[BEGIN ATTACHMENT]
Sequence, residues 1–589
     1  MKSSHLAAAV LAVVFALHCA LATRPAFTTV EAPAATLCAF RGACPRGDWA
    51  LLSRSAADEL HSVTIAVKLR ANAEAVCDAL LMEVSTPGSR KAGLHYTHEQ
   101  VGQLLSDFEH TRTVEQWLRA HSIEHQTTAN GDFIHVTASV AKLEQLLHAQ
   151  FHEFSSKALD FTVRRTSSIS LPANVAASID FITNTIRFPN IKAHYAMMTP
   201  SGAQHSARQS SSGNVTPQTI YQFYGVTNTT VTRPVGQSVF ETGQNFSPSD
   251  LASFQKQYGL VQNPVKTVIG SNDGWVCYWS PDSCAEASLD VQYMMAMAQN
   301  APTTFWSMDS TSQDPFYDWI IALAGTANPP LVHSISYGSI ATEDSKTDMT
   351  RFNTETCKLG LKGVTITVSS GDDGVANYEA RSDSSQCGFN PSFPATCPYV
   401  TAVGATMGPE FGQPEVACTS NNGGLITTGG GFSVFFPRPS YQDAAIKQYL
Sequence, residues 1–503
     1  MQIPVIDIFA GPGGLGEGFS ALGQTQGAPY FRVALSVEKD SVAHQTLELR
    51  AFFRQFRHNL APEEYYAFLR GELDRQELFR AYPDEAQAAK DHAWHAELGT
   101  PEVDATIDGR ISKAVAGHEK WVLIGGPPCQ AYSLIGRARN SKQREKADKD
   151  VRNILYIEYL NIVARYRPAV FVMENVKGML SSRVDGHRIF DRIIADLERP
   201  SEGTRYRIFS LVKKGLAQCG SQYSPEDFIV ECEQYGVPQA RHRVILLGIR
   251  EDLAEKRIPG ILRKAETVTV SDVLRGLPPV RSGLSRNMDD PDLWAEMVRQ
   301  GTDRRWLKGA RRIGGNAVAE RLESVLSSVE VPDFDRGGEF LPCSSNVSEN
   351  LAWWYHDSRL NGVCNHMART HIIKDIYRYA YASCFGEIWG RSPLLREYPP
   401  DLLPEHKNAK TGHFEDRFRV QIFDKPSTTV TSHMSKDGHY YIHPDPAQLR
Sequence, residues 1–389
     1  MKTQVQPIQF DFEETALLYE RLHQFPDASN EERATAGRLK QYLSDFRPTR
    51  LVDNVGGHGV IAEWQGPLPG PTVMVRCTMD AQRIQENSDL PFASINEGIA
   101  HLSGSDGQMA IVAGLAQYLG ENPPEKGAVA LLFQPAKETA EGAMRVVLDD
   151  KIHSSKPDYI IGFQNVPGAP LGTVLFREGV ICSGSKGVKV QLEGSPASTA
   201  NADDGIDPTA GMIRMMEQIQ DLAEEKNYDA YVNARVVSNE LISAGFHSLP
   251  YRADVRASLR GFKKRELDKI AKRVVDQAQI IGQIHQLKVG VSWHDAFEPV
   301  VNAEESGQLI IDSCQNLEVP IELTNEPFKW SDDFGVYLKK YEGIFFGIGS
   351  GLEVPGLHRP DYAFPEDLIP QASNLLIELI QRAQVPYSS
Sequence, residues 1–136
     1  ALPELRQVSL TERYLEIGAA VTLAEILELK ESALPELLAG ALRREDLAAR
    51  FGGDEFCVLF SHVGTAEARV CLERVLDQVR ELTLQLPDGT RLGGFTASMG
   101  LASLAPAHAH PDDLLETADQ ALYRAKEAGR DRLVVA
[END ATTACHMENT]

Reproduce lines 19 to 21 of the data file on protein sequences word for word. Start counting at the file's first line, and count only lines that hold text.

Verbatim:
   351  LAWWYHDSRL NGVCNHMART HIIKDIYRYA YASCFGEIWG RSPLLREYPP
   401  DLLPEHKNAK TGHFEDRFRV QIFDKPSTTV TSHMSKDGHY YIHPDPAQLR
Sequence, residues 1–389